The “reality” that health and education brings added value to society is not exclusive to the “reality” that the national debt is currently £900bn. Include the public sector pension deficit and the figure rises rapidly into the trillions. (Although I would also argue that car manufacturing, insurance and banking is of equal value to society).

    The “reality” that we cannot afford such a level of indebtedness and must take steps to reduce it is as much a fundamental truth as the one that nurses, doctors and teachers should be adequately remunerated for their efforts. Lord Hutton”s position is less a politically constructed one as one of simple arithmetic.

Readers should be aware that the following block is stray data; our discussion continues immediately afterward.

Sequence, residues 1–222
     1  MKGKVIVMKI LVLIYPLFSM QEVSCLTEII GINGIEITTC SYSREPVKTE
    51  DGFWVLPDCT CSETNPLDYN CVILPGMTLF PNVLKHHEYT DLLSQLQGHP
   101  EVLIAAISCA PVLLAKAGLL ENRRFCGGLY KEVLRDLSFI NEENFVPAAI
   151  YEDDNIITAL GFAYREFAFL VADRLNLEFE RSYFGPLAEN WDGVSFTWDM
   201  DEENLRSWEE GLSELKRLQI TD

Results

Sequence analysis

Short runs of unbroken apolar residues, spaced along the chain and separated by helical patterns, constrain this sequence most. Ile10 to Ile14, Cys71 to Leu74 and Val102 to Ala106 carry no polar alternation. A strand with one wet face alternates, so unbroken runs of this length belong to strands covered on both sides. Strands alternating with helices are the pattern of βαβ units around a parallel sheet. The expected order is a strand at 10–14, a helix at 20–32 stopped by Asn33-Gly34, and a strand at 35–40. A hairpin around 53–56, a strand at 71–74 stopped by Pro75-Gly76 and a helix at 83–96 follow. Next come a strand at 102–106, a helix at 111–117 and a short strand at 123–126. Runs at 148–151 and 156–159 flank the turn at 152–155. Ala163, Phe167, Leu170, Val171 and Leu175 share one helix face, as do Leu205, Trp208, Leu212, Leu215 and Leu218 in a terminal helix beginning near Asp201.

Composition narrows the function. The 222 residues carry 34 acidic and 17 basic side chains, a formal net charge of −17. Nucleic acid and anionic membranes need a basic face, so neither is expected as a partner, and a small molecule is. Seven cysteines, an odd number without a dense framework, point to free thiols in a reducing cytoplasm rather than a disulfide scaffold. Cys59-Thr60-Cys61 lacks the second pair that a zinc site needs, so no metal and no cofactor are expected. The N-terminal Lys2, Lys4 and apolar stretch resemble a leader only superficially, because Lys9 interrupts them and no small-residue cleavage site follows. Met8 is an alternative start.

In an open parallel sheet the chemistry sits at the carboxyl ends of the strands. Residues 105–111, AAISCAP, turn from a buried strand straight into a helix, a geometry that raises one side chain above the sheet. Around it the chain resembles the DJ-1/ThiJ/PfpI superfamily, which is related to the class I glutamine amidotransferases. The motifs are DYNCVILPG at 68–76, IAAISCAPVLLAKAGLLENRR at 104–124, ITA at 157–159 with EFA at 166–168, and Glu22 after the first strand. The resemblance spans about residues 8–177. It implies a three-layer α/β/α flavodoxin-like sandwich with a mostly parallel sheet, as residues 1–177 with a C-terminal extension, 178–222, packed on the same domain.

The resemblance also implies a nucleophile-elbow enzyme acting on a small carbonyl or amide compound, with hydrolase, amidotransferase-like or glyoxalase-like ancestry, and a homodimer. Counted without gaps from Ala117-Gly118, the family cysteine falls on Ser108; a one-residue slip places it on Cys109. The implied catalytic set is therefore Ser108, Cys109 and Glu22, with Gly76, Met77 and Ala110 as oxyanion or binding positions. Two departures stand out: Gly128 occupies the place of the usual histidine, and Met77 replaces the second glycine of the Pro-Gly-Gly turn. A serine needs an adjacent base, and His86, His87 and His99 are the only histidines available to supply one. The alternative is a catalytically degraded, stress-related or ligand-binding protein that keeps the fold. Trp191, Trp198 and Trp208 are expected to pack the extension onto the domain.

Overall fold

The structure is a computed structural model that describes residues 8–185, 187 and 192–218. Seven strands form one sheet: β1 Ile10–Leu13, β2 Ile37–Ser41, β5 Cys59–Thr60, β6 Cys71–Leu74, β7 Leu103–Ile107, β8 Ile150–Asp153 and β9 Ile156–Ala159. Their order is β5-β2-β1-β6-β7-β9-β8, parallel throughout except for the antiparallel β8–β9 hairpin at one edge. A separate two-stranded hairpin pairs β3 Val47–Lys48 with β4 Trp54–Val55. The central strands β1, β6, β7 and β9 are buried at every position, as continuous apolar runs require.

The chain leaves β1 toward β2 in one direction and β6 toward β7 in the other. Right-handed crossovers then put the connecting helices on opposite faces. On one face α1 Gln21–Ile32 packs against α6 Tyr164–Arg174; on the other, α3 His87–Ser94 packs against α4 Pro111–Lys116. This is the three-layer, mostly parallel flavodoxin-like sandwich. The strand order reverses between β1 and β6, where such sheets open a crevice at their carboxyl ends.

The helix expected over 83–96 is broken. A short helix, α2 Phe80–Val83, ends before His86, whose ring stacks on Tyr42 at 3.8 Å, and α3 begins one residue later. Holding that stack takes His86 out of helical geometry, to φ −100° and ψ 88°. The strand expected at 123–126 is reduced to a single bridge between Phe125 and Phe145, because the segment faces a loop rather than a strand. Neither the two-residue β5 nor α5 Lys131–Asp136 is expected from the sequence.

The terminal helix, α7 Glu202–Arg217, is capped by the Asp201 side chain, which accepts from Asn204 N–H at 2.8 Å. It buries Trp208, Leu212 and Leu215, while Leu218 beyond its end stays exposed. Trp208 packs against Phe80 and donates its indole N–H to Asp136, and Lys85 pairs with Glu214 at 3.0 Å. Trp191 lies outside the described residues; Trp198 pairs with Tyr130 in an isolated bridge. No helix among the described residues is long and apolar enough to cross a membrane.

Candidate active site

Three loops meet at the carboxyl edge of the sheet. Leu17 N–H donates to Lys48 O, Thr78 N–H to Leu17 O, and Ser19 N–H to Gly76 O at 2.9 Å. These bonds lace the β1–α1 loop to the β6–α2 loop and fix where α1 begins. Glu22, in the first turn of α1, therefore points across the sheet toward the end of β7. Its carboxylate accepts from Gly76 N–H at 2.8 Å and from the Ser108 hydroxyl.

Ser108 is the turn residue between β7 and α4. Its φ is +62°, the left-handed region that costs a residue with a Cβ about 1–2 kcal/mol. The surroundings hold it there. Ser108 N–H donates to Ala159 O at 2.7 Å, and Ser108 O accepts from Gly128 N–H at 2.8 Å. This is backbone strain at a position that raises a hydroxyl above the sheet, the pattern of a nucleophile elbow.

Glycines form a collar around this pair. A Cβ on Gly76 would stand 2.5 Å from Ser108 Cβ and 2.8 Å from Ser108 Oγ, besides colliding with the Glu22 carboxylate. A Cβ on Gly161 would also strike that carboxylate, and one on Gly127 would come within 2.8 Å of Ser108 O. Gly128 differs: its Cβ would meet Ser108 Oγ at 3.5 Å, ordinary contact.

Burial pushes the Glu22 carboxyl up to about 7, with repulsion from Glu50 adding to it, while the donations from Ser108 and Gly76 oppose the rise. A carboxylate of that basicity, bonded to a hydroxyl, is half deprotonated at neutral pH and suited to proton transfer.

The argument that Doctors, Nurses and Teachers should receive “added” benefits (final salary pension etc etc) sounds like special pleading to me. Ford workers contribute as much to the common good as any one else but they can only dream of the sort of benefits I enjoy.

    I actually think I am quite well remunerated for the hours I work. Money may not be all that matters in life but we in the public sector would do well to remember that the NHS relies on manufacturing and yes the financial sector to pay our wages.

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  • Lucky you Edwin I have been a nurse for 23 years and am anything but well remunerated!

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  • Ahh the National Debt anxiety. What is 60% of the GDP compared to Japan (194%) or Italy or America or Germany? If you want to think of it as necessary that the cycle of economics is redressed by cuts isn't it worth asking what priorites may underpin the society those economics design?